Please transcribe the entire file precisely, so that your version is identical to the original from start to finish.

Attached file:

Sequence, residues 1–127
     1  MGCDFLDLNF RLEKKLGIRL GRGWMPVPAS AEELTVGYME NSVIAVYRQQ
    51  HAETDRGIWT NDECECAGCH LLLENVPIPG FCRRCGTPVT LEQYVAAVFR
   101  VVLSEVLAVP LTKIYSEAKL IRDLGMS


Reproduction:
Sequence, residues 1–127
     1  MGCDFLDLNF RLEKKLGIRL GRGWMPVPAS AEELTVGYME NSVIAVYRQQ
    51  HAETDRGIWT NDECECAGCH LLLENVPIPG FCRRCGTPVT LEQYVAAVFR
   101  VVLSEVLAVP LTKIYSEAKL IRDLGMS